Amy Morken, “what’s this? a viking song …” at Caren Golden Fine Art. I previewed this show a couple weeks ago, and I’m glad to say that the work looks even better framed and hung than it did in the back room. On view through February 19, the exhibition isn’t sold out yet. It should be.

Jeffrey Aaronson, “Transparencity” at Kashya Hildebrand Gallery. An intriguing combination of op art and street photography, Aaronson’s work uses the reflective surfaces of street-level windows and highly amped color to create an effective “wow” moment for viewers. The show is a good visual palette cleanser for a long day of looking at art.

Tuesday, February 15, 2005

Bootleg Gates Gifts

What better way to say I [Heart] NY and I [Heart] You to that special someone on the day after Valentine's Day than with the gift of bootlegged material from the installation of The Gates?

Because it's New York, there are plenty of sellers. (This is the city, remember, where a couple decades ago people were ripping apart the Brooklyn Bridge and selling the pieces off as scrap metal.) And because its official policy is not to know the definition of "gray market," eBay is the place to buy.

For your shopping convenience, From the Floor has cherry picked some of the better items from the 100+ listings available. Related: Greg does the MBA thing to develop an independent estimate of the actual cost of the project. Satellite image of The Gates.

Monday, February 14, 2005

Once in a While, Nice Is Enough

Yesterday Mrs. FtF and I met a couple of friends from New Jersey at 72nd and Central Park West for a stroll through the park before brunch.

The afternoon was beautiful--one of those bright New York winter days with a low sun shining in a clear blue sky.

The park drives were closed to traffic, and the walkways were packed with people out to enjoy the day and see The Gates.

I haven't been enthusiastic about the project, and experiencing it didn't change my opinion. But, you know, it's not a bad thing.

The day was lovely, everyone was in a good mood, and New Yorkers and tourists alike were enjoying themselves. No matter what you say about the project, it makes people happy. It's nice that way.

And sometimes, especially on a gorgeous mid-February Sunday afternoon like yesterday, nice can be good enough for a few hours.

Friday, February 11, 2005

Which One Is It, Exactly?

Because he knows that if he can't convince them that it's art, the tourists won't come.

Related: New York Times piece. The City's official Gates site.

Thursday, February 10, 2005

This Week's Art News from New York

Scads of items covering New York visual arts events have popped up in print and around the blogosphere in the last few days. Here are links to several:

On an unrelated note, not to be outdone by its rival down the street, Bergdorf Goodman is also using contemporary art to hawk high-end fashion from its Fifth Avenue windows. Bergdorf has enlarged reproductions of works from the Whitney's current Cy Twombly show for use as backdrops for the mannequins. (Sorry, no camera with me today, so no photos. Update: A couple snapshots of the windows just showed up in my inbox.)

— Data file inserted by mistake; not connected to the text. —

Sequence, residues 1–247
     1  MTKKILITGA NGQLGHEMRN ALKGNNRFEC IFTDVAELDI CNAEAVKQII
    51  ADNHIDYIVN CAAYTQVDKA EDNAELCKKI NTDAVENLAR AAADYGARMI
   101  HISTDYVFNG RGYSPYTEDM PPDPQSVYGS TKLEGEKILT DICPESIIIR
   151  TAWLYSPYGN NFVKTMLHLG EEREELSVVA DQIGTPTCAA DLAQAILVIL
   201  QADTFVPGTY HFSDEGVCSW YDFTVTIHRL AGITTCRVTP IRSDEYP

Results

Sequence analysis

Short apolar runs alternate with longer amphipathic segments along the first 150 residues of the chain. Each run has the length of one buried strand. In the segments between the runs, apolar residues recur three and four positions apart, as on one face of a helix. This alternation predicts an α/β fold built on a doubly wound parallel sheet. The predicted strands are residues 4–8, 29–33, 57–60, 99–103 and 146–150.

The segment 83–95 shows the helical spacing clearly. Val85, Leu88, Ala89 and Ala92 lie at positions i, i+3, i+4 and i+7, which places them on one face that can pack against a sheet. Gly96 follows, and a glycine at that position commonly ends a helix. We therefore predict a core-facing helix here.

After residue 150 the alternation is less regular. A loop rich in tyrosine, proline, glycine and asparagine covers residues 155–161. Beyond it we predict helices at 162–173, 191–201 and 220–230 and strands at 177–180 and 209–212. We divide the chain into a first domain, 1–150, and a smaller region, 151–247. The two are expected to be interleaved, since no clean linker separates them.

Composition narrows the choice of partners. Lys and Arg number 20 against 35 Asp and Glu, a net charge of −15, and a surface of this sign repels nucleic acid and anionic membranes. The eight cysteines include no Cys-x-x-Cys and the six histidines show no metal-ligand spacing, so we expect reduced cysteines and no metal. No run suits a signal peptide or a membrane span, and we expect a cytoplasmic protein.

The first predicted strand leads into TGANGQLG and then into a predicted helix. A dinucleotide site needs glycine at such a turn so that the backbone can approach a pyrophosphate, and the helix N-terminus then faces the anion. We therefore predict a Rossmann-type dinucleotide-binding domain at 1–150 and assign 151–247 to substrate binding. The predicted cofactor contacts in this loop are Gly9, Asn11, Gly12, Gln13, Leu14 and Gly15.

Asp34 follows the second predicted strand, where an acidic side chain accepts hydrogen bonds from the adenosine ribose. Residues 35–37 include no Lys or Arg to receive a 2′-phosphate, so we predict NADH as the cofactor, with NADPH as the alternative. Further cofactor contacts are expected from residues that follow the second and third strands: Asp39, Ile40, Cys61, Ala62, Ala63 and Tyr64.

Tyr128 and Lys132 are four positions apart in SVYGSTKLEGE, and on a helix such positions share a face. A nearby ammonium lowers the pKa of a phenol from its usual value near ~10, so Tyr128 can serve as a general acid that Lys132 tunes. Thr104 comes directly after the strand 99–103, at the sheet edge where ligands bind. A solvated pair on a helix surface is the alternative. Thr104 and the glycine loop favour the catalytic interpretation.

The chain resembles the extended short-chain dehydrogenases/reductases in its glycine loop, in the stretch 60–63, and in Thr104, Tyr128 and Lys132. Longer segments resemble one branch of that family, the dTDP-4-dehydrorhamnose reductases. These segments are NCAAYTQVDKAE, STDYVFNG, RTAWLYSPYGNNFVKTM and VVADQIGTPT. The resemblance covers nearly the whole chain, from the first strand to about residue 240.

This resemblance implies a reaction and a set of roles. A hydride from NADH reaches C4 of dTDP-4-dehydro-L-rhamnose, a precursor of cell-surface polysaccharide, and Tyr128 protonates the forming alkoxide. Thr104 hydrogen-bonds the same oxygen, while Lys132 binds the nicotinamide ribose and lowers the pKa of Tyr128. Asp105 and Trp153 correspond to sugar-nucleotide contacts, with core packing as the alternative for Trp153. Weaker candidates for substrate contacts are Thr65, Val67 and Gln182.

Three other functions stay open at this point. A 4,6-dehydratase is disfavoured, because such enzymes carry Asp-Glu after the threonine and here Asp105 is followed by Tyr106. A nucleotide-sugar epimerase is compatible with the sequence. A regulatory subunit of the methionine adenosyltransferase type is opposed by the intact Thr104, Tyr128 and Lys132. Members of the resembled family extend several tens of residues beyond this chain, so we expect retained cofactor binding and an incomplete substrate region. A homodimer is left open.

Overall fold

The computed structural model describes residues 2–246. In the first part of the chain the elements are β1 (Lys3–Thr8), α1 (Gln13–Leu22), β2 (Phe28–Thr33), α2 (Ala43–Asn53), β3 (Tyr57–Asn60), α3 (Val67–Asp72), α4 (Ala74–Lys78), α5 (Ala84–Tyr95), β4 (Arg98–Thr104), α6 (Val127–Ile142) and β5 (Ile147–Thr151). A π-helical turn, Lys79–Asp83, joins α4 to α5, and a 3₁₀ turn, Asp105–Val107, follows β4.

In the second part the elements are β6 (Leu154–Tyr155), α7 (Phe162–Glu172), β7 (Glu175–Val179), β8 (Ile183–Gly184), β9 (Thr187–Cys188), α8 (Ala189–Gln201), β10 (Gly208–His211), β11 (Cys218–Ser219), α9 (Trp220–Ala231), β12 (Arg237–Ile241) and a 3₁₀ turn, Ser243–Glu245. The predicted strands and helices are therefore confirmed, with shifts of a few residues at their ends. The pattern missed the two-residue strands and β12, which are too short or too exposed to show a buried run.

Unlike Saks, though, Bergdorf now knows enough to credit its source, which it fully does. Thanks, Greg.

Wednesday, February 09, 2005

Gigantic New York Public Art Installation Opens

The New York art work has been abuzz lately about a gigantic installation that's scheduled to open later this week. And no, in case you're wondering, I'm not talking about those gates things.

The Tim Hawkinson show, opening at the Whitney this Friday, includes his monumental Überorgan--a work so large that the Whitney couldn't display it in house. Instead, the work has taken over the public atrium at 590 Madison Ave. (between 56th and 57th Streets). Although the show isn't officially open yet, Überorgan (below) is already installed and functioning.

Designed for an exhibition at MASS MoCA in 2000, the piece has been well modified to take advantage of its current space. The work is accessible between 8:00 AM and 10:00 PM with daily soundings scheduled for 9:00 AM, 12:30 PM, 3:00 PM, 5:00 PM, and 6:00 PM.

(Update: The performance schedule has been increased. For the time being, Überorgan will play every hour on the hour and at 12:30 PM. This schedule, though, may be adjusted again at a future point during the run.)

Related: Hawkinson on Überorgan at Art:21.

Tuesday, February 08, 2005

Giving the Kids Their Due, Finally

Sometimes I can be a little dim, but usually the light bulb will go on if I give it enough time. I had one of those moments of illumination today while chatting with a couple people about the most recent Artforum Diary. ("I wore the tight brown Citizen cords I've worn all season: As a chronic skirt-addict, I'm working on accepting myself in pants.")

Here's my breakthrough: With Scene & Herd, Artforum has given us a new way of writing for our post-millennium age, a content and stylistic package that mirrors current trends in artistic production. Scene & Herd (are you ready for this?) is intended to be the prose equivalent of the scattertrash installation and the glue-n-glitter painting! All sorts of random stuff (some of it shiny, some of it dirty) just kind of thrown together to see if it coheres or sticks. If it doesn't, no big deal. It's just process, man.

Props to the kids at Artforum for making the breakthrough, for blazing a daring trail into this uncharted area of arts journalism/criticism/society writing. Now that I get it, I can relax and enjoy it for what it is.

Or not.

Related (especially for Artforum's copy editors): "Using Colons and Semi-Colons."

Sunday, February 06, 2005

Michael Heizer Speaks, Art World Worries about His Sanity

Famously reclusive Michael Heizer only talks to media outlets with a certain circulation, but perhaps he should rethink that policy. If fewer people read what he has to say, fewer people will be tempted to write him off as a crackpot whose mind has been addled by too many years of desert sun and wind.